The Venture Corporatists

The Venture Corporatists

"Saving the planet" has made lot of investors richer. Taxpayers? Not so much.
Lachlan Markay
By
Email
Print
Hangout with us

When biofuel company Amyris went public in September 2010, market watchers were unimpressed. The company was shooting for a $100 million initial public offering. It ended up making $85 million on the day.

Some of its top investors, though, profited handsomely. Venture capital firm Kleiner Perkins Caufield Byers pulled down $69 million on its $16.5 million investment. Khosla Ventures, another VC firm, made $65.4 million on its initial $15.6 stake.

The IPO came less than a year after Amyris received a multi-million-dollar stimulus grant through the Department of Energy.

In securing that taxpayer backing, Amyris benefitted from its investors’ wealth of political connections. Those investors saw an opportunity for profit in Amyris and a host of other green energy companies, but they were also deeply committed to leveraging their own – and taxpayers’ – investment to help solve what they saw as pressing social problems.

For Vinod Khosla, a former Kleiner Perkins partner and founder of Khosla Ventures, cleantech investing was “green” in more than one sense of the word. The multiple biofuels companies in which he has invested, from his perspective, produced more than profit.

Khosla is a firm believer in “social entrepreneurship” – addressing social problems through business, technology, and innovation. That belief is apparent in his enthusiasm for green energy projects. “Most of the environmental problems we are facing today, and I consider myself an environmentalist, have technology solutions in addition to political and other solutions,” he said in 2002, while at Kleiner Perkins.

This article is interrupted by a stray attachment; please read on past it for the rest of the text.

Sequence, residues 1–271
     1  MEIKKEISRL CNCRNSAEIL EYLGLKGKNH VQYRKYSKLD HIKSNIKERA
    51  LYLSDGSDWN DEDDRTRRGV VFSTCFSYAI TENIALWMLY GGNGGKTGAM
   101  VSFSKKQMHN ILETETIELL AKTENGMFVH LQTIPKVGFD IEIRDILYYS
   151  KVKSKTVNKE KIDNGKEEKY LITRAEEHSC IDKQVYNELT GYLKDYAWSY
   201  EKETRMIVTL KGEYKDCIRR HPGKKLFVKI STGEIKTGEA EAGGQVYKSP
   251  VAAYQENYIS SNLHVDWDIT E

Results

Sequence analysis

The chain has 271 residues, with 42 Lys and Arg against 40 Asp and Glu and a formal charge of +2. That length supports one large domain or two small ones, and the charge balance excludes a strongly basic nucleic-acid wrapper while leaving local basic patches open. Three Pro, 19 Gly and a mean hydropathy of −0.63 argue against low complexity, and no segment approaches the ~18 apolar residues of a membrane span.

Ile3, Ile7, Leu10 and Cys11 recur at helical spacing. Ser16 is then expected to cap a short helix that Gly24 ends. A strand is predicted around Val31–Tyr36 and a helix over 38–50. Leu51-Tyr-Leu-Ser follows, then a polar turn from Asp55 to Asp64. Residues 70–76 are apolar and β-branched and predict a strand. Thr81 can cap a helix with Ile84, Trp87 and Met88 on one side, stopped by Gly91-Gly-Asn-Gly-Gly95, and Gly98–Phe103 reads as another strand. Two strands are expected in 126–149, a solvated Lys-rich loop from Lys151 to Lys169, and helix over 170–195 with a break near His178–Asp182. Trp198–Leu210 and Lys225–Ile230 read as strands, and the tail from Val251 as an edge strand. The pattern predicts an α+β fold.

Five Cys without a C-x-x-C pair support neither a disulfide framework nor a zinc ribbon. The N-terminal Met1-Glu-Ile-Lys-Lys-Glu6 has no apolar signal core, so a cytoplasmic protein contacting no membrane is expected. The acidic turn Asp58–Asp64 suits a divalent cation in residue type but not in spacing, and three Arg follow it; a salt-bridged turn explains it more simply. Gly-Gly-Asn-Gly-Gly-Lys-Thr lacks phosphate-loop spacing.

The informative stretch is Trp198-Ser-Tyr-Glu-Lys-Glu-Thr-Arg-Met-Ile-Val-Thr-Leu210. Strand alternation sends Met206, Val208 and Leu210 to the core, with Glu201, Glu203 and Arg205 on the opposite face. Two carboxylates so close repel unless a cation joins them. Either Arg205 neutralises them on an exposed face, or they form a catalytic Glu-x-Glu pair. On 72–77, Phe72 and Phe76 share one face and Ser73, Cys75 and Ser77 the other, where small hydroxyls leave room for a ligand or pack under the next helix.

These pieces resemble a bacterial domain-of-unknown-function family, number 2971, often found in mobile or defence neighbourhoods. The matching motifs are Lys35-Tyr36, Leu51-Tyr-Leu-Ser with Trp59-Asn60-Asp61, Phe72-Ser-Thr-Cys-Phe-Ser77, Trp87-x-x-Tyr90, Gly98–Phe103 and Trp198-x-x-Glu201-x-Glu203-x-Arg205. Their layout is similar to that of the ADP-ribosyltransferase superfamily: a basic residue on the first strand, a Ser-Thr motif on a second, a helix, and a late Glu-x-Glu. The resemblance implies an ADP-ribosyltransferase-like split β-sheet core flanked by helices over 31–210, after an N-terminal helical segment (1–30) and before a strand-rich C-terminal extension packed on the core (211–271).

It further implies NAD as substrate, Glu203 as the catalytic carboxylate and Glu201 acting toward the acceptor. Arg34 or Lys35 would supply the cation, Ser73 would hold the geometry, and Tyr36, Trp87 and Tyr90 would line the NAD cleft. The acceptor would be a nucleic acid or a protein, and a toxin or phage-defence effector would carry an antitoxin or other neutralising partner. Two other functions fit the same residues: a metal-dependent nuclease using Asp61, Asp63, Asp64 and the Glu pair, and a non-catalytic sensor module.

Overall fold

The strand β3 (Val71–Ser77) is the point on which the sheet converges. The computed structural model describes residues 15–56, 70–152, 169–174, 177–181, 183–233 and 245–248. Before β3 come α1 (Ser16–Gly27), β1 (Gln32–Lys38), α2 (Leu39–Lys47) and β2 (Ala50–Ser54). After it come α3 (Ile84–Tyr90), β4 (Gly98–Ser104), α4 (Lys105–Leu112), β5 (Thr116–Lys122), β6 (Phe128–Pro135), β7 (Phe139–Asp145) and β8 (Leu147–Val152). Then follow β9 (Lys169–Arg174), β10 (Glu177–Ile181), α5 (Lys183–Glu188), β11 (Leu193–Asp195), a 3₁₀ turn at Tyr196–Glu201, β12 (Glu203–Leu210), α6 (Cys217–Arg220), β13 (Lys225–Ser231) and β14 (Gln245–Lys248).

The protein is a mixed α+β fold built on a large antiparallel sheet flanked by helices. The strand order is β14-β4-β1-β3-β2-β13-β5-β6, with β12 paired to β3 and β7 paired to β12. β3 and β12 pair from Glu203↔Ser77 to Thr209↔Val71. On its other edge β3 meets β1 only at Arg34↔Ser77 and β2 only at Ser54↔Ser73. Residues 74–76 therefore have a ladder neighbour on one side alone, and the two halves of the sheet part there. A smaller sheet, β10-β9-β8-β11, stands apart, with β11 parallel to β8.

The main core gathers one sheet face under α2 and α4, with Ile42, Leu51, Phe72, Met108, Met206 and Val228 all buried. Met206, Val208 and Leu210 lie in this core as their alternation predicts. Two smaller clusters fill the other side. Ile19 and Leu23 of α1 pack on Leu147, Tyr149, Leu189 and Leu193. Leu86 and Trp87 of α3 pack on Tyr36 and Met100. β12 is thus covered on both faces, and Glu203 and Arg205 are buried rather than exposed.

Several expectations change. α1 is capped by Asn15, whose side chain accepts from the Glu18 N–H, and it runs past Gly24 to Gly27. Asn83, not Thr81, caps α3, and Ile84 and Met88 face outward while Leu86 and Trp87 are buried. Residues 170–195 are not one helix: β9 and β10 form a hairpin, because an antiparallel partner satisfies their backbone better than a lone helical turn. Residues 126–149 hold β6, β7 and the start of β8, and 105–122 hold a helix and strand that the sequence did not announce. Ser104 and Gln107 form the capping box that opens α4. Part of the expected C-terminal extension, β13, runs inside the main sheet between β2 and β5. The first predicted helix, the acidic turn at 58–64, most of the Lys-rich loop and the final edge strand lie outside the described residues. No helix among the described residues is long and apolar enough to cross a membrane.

In 2008, Khosla saw an opportunity in Barack Obama. “I am one of those Republicans who is for Obama,” he explained. Khosla served as the head of Obama’s India policy team. He donated $82,000 to Democrats from mid-2006 through the 2008 election. “I think Obama will be much stronger for clean tech” than Republican candidate Sen. John McCain, he said of his support. “So that is going to be good news.”

It was certainly good news for Khosla Ventures and Kleiner Perkins, which together boast more than a dozen companies in their respective portfolios that would receive taxpayer support from the Obama administration.

Khosla’s support for Obama and the Democratic Party continues to pay off.

Khosla’s support for Obama and the Democratic Party continues to pay off. In June, he held a $32,400-per-plate fundraiser for the Democratic Senatorial Campaign Committee at his home. The president and three Democratic Senators attended. At the event, Obama touted the administration’s “climate action plan,” which calls for additional “investment” in biofuels. Months later, Khosla-backed biofuel company LanzaTech received a $4 million grant from DOE.

Days after the department announced that grant, Jim Messina, Obama’s former campaign manager and the head of Organizing for Action, his personal advocacy group, joined LanzaTech’s board. LanzaTech’s grant, its second from DOE, came through the American Recovery and Reinvestment Act, better known as the stimulus.